petrographic province[¦pe·trə¦graf·ik ′präv·əns]
a region in which similar magmatic rocks are considered to have been formed during the same period. The rocks have a particular chemical or mineral composition, that distinguishes them from the same types of rocks in other regions.
The characteristic features of rocks in a petrographic province are assumed to have been conditioned by the differentiation or assimilation of a common magma. Therefore, the term “petrographic province” later was replaced by the term “comagmatic region.” Increased information about magmatic formations and the establishment of the close relationship between tectonics and magmatism have led to changes in the concept of petrographic provinces. Such a province is currently understood to be a large geotectonic element (folded region, platform) characterized by a natural association of magmatic rocks. The term “petrographic province” was first used in 1886 by the English geologist J. W. Judd.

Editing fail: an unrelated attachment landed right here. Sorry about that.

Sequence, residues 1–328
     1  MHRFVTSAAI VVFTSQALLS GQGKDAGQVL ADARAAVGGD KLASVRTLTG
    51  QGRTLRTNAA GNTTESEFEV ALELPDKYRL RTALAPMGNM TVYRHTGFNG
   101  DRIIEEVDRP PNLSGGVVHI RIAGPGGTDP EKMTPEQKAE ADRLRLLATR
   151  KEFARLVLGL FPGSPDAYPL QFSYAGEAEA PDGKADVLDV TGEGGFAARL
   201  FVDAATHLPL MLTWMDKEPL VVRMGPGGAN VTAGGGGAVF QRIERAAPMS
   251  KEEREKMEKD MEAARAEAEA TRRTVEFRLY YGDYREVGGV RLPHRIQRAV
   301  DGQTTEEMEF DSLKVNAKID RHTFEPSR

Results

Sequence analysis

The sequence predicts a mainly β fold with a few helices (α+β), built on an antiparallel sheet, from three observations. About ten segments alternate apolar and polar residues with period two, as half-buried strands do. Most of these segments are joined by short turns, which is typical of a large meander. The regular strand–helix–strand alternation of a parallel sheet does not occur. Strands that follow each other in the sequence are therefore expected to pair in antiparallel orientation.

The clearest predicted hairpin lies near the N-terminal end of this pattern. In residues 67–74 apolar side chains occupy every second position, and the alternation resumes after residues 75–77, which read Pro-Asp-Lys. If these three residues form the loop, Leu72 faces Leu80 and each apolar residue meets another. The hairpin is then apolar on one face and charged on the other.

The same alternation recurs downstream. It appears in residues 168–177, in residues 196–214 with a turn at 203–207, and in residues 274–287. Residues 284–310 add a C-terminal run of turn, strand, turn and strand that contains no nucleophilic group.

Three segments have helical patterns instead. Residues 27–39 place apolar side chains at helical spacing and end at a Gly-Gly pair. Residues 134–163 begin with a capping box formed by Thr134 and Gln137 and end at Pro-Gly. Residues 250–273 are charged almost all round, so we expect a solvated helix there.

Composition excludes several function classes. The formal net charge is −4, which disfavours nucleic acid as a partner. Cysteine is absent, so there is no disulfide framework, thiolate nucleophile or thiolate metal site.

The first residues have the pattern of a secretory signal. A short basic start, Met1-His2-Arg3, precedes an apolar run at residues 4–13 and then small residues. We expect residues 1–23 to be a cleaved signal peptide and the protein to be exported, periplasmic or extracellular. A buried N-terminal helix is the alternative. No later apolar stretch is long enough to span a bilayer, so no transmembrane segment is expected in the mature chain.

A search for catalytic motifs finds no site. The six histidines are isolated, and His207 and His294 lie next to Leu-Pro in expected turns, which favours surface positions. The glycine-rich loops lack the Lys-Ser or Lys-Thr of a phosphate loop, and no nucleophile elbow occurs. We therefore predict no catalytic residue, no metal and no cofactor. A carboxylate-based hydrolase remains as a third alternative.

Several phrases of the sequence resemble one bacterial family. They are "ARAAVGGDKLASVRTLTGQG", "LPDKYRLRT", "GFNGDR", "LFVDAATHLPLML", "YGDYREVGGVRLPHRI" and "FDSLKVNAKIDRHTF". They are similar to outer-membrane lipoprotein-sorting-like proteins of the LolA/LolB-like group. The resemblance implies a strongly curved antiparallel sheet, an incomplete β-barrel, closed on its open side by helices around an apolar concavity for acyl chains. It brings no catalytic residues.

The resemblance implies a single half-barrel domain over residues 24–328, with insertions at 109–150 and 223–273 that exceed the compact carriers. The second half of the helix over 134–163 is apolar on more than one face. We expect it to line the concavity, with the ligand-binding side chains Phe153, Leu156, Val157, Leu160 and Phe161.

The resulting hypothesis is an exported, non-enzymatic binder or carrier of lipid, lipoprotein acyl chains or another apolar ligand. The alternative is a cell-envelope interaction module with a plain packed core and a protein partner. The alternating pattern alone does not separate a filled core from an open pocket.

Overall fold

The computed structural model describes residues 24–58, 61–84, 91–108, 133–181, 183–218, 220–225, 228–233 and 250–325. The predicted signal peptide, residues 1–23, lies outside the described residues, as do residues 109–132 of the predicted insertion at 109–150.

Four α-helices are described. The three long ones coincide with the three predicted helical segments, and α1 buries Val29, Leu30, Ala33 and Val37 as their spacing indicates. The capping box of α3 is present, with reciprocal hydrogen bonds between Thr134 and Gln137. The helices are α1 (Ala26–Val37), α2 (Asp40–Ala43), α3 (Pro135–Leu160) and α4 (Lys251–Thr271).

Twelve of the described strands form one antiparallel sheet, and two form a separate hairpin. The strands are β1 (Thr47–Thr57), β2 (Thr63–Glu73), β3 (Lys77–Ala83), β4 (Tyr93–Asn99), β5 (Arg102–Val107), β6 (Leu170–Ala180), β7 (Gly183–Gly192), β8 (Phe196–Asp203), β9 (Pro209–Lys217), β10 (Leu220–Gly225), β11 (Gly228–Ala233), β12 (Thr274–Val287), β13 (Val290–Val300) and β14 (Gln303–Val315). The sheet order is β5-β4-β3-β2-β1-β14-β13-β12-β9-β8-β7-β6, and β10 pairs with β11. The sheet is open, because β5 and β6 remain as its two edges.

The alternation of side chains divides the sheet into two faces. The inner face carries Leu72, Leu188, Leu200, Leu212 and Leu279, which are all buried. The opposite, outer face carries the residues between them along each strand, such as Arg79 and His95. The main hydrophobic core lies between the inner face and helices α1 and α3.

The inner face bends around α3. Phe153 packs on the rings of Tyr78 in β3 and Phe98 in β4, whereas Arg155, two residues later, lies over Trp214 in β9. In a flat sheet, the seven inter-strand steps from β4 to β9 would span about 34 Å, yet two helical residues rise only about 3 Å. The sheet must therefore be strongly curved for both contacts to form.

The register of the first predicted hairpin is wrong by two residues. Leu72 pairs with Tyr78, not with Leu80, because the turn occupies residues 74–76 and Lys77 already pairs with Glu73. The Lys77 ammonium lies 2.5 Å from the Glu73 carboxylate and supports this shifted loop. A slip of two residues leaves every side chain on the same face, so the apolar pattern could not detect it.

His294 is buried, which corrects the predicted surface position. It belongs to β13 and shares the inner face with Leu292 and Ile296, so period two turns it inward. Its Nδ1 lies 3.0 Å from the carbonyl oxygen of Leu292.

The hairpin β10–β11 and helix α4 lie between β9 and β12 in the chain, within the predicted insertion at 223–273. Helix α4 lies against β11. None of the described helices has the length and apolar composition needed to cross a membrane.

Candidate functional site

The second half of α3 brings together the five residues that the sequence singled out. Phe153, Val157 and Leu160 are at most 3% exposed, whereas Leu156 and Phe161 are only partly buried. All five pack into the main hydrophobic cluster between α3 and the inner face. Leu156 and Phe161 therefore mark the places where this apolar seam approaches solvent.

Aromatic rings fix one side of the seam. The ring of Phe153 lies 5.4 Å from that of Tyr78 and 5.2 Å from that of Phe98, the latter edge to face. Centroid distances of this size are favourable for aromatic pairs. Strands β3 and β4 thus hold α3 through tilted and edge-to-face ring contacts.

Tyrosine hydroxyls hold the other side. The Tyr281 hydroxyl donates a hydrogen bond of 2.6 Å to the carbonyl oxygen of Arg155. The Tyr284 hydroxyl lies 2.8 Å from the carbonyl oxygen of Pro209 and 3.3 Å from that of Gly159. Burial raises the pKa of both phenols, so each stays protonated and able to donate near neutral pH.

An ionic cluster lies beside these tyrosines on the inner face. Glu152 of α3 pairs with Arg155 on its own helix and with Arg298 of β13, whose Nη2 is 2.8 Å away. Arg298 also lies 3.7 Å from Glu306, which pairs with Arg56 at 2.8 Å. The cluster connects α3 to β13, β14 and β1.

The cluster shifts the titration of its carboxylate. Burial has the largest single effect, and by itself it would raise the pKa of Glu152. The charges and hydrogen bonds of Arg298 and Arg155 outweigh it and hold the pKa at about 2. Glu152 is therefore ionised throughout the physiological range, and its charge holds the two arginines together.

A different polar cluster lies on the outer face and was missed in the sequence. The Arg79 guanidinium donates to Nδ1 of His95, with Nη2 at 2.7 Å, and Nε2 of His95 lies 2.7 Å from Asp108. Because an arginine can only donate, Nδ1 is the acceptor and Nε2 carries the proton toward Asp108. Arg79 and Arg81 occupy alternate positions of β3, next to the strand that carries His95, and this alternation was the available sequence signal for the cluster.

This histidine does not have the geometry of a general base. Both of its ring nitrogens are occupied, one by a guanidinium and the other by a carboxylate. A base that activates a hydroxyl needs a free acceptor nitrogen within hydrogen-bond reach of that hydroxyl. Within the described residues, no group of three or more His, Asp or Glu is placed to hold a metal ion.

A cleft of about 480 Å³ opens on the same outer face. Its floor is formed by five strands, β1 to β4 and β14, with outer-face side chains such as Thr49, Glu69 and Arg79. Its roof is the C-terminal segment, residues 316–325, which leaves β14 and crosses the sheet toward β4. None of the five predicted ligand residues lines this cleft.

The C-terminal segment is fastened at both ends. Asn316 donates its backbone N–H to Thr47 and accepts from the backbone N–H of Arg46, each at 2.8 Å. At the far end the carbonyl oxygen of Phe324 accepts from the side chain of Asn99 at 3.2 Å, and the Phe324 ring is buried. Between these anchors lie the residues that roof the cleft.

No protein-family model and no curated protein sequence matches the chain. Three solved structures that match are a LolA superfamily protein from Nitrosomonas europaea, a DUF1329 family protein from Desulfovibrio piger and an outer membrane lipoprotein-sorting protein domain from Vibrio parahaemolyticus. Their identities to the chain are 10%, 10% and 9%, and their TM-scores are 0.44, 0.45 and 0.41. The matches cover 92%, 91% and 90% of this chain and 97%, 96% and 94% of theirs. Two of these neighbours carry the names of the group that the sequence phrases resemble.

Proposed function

REFERENCESLevinson-Lessing, F. Iu. Petrografiia, 5th ed. Moscow-Leningrad, 1940.
Judd, J. W. “On the Gabbros, Dolerites and Basalts of Tertiary Age in Scotland and Ireland.” Quarterly Journal of the Geological Society of London, 1886, vol. 42.